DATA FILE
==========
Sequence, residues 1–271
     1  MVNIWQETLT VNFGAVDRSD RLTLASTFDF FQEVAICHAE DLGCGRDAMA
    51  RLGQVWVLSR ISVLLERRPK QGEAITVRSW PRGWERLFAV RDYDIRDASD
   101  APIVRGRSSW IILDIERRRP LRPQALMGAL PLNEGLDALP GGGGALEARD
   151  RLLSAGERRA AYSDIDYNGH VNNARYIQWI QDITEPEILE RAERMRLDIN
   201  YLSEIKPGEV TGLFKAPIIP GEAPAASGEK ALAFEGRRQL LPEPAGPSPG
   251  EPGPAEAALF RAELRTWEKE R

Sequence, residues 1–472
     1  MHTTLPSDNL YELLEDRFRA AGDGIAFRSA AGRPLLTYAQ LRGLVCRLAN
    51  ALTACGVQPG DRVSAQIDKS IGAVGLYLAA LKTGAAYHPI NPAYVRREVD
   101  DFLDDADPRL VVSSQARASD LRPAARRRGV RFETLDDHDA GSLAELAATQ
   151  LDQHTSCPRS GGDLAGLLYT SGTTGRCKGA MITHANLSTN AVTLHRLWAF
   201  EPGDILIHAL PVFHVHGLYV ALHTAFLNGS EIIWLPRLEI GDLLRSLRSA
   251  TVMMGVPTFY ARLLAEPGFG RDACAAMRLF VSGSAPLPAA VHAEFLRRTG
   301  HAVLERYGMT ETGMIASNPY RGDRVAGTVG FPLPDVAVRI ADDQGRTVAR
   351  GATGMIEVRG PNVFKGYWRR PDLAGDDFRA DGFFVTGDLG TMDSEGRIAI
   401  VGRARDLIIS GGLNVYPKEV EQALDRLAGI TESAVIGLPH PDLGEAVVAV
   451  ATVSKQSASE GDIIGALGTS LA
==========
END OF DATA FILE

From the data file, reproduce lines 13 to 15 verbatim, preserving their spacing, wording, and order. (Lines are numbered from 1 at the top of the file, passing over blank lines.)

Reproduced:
   201  EPGDILIHAL PVFHVHGLYV ALHTAFLNGS EIIWLPRLEI GDLLRSLRSA
   251  TVMMGVPTFY ARLLAEPGFG RDACAAMRLF VSGSAPLPAA VHAEFLRRTG
   301  HAVLERYGMT ETGMIASNPY RGDRVAGTVG FPLPDVAVRI ADDQGRTVAR